Short-staffed Aspen 911 call center looks to Vail

Aug 12, 2015
Creative Commons/Flickr/ICMA Photos

Pitkin County is looking to share 911 dispatchers with the Town of Vail to deal with a shortage of workers. 

Pitkin County Undersheriff Ron Ryan told county commissioners Wednesday the dispatch center is in “crisis mode.” 911 call centers typically experience difficulty in hiring, but for Aspen it’s especially tough because of its small staff. Just eight people are fully trained. That's about half of a full staff.

Could a Gold King Mine spill happen in Aspen?

Aug 11, 2015
Bruce Gordon/Ecoflight

There are differing opinions about whether a Gold King mine disaster could happen in Aspen’s backyard. The spill, accidentally triggered by an Environmental Protection Agency team, let loose 3 million gallons of contaminated water into the Animas River in southwest Colorado. Aspen Public Radio’s Marci Krivonen explored whether such a catastrophe could happen here.

The spill turned the Animas bright orange and halted river access in an area known for rafting.

When it comes to health, communities in the Midvalley struggle with binge drinking and, just slightly, with obesity. Public health officials are sharing results of a survey with local governments. Jordana Sabella is the Public Health Planner for Pitkin and Western Eagle Counties. She spoke with Aspen Public Radio’s Marci Krivonen.

Jordana Sabella is Public Health Planner for Pitkin and Western Eagle Counties. 

A significant chunk of workers in Aspen have high blood pressure.That’s according to data from health fairs last fall, coordinated by the five biggest employers in the Upper Roaring Fork Valley. They’re part of the Valley Health Alliance, a new nonprofit aimed at improving health in the Upper Valley.

County commissioner fights "land transfer movement"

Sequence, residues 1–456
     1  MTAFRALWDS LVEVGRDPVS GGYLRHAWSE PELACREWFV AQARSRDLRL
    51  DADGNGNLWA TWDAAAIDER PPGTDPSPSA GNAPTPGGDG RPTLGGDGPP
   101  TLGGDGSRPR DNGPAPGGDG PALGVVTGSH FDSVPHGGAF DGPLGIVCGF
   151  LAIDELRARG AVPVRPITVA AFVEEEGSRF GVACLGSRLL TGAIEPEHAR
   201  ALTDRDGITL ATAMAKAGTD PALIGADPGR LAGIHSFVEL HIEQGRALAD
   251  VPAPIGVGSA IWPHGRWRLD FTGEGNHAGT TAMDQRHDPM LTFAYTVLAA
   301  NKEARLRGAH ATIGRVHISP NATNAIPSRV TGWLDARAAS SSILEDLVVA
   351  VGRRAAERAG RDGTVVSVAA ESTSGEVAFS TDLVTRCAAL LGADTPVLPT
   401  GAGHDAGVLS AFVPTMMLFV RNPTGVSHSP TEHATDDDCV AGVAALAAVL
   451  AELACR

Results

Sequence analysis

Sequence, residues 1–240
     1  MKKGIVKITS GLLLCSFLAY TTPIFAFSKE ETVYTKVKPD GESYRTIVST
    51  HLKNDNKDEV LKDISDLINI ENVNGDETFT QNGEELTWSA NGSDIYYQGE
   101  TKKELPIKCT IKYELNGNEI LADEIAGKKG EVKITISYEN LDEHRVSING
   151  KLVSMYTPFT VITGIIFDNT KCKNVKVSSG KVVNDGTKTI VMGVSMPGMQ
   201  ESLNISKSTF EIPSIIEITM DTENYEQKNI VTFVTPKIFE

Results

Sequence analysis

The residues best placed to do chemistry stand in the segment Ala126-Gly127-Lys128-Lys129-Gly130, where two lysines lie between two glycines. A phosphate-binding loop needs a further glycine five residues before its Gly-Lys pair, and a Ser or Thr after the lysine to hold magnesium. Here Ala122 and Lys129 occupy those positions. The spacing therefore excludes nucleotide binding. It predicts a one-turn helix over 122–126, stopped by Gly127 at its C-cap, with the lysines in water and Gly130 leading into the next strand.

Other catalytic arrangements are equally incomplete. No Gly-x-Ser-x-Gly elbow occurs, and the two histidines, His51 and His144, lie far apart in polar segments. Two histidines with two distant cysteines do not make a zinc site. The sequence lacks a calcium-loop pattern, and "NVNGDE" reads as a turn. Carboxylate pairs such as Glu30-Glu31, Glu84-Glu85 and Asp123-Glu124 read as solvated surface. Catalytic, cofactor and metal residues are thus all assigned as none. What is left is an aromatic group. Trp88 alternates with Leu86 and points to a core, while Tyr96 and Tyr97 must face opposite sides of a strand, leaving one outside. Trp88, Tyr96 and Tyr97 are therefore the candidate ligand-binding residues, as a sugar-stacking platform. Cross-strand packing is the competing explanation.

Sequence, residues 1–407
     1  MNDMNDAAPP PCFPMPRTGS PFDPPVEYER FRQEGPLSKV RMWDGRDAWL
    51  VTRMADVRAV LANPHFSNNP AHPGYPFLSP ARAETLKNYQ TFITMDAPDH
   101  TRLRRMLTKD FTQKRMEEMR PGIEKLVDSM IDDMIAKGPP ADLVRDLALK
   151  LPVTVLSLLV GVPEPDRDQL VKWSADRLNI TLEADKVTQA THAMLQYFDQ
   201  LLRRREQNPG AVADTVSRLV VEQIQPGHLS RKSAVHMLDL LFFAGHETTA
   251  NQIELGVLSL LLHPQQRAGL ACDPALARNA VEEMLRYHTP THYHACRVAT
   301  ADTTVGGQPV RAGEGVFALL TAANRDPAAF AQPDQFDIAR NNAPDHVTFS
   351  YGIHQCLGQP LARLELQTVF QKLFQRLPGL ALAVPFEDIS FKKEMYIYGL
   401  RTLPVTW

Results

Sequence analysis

Jul 28, 2015
Facebook/Rachel Richards

In June the Pitkin County Commissioners sent a resolution to Colorado’s congressional delegation, decrying a national effort to transfer federal lands to state ownership. Advocates say it would improve access, environmental health and productivity on land managed by the Forest Service and BLM. Commissioner Rachel Richards told Marci Krivonen the effort would spell trouble for Pitkin County.

Rachel Richards is a Pitkin County Commissioner. She spoke with Aspen Public Radio’s Marci Krivonen. In future weeks, we’ll air the other side of the argument.

Elise Thatcher

To replace the aging Grand Avenue Bridge in Glenwood Springs, the Colorado Department of Transportation needs more money. On Thursday (7/16) CDOT will request funding from the Elected Officials Transportation Committee. 

Marci Krivonen

The Castle Creek valley just outside of Aspen is becoming increasingly popular to recreationists like hikers and cyclists. Pitkin County and the White River National Forest are taking comments from the public on how to best manage the area. 

Medicaid visits up at area hospital emergency rooms

Jul 13, 2015
Creative Commons/Flickr/Zdenko Zivkovic

The number of low-income Medicaid patients accessing care in area emergency rooms is on the rise. The increase - seen at Aspen Valley and Valley View Hospitals - follows a national trend in states that expanded Medicaid under the Affordable Care Act. Aspen Public Radio’s Marci Krivonen reports.

In 2014 the amount of business Aspen Valley Hospital did for Medicaid patients was triple the number in 2013. Hospital officials attribute the rise to Colorado expanding its Medicaid program.

Mountain Edition - July 9th, 2015

Jul 10, 2015

Good afternoon, it’s Mountain Edition. 

A Snowmass Town councilman faces a felony charge after allegedly trashing a jail cell.

Aspenites will probably vote on a proposed affordable lodge.

A judge considers whether the Aspen Skiing Company is at fault for a mudslide that damaged a home.

We take a look at diversity in the Roaring Fork Valley arts community.

We also get a tour of an innovative marijuana grow facility in the Valley.